The Weeknd’s Starboy album cover | c/o Republic Records
In the music biz statistics confirm success, but not always quality. A lot of crappy tunes become hits. I can’t fully explain why yet. Hey, shit happens. So it’s refreshing when a good project does something noteworthy in the numbers department.
In the last few days The Weeknd’s Starboy album has racked up plays and purchases and the first wave of tallies resulted in the Toronto singer-songwriter breaking the global record for first-week streams on Spotify, with more than 223 million streams. It also broke their one-day record, with 40 million streams in 24 hours. To boot, Starboy opened at No. 1 on the Billboard 200 Albums chart. So he obviously killed it on the scoreboard.
There’s so much I enjoyed about several of Abel “The Weeknd” Tesfaye’s 18-song newbie. His sound, which I used to describe as Sade-like—if she had done hard drugs, dwelled in the underworld and adored classic horror flicks—has broadened to shimmering ’80s pop while also staying true to his core. Here are some random, though fitting, thoughts I’ve had while listening to Starboy.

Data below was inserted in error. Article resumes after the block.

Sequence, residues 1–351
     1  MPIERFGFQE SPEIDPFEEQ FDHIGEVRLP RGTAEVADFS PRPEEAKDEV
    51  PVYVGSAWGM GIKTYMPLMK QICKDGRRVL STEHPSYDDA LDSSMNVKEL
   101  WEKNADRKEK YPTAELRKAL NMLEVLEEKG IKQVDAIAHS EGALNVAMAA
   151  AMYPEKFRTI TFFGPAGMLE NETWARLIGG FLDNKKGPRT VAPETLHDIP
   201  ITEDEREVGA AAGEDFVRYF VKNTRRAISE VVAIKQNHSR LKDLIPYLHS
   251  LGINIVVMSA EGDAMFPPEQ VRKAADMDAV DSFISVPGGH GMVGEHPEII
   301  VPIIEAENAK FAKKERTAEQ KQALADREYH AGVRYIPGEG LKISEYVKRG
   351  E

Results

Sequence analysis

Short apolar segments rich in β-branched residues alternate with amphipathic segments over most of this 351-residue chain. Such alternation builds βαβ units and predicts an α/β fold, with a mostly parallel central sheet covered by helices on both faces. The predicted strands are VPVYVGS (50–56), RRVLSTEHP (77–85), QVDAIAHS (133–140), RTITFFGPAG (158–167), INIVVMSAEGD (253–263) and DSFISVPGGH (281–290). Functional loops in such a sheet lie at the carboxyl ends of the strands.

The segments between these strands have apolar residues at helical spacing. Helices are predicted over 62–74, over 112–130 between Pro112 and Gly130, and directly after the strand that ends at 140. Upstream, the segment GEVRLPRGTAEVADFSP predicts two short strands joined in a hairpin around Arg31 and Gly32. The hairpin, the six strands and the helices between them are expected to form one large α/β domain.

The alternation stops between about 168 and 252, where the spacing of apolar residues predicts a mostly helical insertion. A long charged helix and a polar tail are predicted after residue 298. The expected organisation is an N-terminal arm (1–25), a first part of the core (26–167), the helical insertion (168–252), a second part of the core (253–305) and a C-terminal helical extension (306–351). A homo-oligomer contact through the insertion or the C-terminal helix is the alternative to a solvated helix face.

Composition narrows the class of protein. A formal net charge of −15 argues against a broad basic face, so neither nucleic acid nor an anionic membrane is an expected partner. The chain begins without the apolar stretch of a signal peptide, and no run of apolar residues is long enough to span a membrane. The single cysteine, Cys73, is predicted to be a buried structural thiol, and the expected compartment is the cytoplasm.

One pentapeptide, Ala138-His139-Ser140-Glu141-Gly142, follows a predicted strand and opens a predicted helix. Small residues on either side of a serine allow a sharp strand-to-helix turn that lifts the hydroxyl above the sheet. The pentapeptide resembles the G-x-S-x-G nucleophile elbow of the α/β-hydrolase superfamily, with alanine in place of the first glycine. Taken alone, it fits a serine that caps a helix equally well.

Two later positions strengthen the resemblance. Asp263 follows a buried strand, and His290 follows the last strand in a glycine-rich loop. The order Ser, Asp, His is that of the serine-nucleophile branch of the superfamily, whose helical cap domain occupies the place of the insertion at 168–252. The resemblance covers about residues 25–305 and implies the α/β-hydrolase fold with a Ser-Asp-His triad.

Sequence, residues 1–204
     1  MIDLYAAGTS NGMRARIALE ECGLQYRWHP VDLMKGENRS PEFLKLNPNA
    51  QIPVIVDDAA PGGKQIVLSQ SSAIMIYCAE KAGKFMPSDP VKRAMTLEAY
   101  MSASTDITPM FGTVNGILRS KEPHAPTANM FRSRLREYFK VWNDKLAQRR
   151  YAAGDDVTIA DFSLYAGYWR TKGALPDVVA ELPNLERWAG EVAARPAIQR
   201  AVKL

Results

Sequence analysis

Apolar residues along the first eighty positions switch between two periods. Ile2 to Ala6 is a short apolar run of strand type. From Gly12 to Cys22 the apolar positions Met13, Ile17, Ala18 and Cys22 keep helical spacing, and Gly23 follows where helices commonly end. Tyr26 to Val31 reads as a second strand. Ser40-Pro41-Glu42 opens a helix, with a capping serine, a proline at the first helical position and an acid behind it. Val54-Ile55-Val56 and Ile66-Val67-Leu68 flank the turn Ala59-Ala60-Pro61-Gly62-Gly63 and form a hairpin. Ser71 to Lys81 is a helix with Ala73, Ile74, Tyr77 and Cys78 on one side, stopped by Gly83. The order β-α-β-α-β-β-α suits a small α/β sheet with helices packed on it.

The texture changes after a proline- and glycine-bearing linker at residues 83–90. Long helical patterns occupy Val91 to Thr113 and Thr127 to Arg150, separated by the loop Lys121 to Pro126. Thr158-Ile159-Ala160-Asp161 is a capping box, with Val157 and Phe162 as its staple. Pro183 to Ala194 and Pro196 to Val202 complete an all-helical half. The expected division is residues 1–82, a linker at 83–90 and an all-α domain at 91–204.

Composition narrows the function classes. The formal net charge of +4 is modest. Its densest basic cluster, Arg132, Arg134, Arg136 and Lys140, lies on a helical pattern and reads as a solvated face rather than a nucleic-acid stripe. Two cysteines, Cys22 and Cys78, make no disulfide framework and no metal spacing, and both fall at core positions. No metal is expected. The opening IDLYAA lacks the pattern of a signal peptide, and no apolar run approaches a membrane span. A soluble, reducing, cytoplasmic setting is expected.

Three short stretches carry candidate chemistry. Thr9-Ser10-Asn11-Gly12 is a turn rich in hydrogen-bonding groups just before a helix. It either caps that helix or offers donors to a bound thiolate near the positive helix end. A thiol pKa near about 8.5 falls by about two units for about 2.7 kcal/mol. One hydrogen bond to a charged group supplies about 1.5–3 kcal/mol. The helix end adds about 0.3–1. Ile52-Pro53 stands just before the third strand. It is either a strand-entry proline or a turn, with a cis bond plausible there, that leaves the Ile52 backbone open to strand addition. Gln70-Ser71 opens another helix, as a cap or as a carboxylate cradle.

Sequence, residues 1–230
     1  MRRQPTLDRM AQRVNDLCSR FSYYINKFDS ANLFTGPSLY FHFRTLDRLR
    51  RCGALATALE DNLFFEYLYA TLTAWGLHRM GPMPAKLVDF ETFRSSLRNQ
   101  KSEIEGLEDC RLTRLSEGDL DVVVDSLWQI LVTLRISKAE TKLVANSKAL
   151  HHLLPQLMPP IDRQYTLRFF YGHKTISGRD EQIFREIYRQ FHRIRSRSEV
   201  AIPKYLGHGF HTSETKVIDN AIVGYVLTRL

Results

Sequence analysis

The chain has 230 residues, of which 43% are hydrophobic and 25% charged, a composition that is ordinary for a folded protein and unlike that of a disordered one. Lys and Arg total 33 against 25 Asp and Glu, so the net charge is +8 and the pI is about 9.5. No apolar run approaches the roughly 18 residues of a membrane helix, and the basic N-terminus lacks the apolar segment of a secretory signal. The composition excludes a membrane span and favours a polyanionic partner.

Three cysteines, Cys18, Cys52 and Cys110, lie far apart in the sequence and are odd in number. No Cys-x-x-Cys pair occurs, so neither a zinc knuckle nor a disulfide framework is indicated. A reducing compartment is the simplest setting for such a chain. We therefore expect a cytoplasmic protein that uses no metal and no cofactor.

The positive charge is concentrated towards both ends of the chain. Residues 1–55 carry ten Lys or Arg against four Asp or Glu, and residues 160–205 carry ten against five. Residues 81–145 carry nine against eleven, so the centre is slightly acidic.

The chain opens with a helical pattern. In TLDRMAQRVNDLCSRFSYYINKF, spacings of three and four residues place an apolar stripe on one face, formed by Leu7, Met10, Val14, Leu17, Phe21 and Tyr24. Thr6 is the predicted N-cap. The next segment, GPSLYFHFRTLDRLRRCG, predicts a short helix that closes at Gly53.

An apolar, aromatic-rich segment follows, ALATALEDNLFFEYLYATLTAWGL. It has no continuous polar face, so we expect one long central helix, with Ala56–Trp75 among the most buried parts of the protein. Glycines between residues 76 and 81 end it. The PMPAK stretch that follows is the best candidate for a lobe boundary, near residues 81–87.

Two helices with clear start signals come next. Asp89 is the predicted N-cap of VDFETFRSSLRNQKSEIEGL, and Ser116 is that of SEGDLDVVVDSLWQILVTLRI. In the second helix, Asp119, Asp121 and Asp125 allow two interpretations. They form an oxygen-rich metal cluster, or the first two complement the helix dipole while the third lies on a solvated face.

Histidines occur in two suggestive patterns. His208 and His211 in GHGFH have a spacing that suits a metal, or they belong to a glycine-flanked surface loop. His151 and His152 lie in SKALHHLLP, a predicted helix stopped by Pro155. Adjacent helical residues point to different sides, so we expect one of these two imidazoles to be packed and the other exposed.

“Starboy” – Somebody woke up feeling theirself! It’s so fun hearing Weeknd’s gentle Ethiopian voice stunt so hard and talk his shit. His main and side chicks are out of your league. New Edition is who he’s playing while he’s whipping his Bentley Mulsanne. G’ shit. Been enjoying his promo performances. That American Music Awards showing is the best of the bunch. I wish Daft Punk produced for me people, like on the Disclosure work-for-hire or complilation tip.
“Reminder” – This isn’t my favorite track overall on the album (might be my fifth), but it hits the hardest lyrically. From jump he’s on the assault, swinging on radio DJs that are more apt to play “blue-eyed soul” before his songs. I’m always intrigued by successful people who are still woke enough to know that the game is not all the way fair. This isn’t some rookie act crying foul. The Weeknd spent all of 2015 becoming a legit, pop chart-topping artist. Still, on the follow-up to the album that likely gave him the confidence to call himself a Starboy, he’s giving corny, racist music business gatekeepers the side-eye, like, “I see you.” Love that.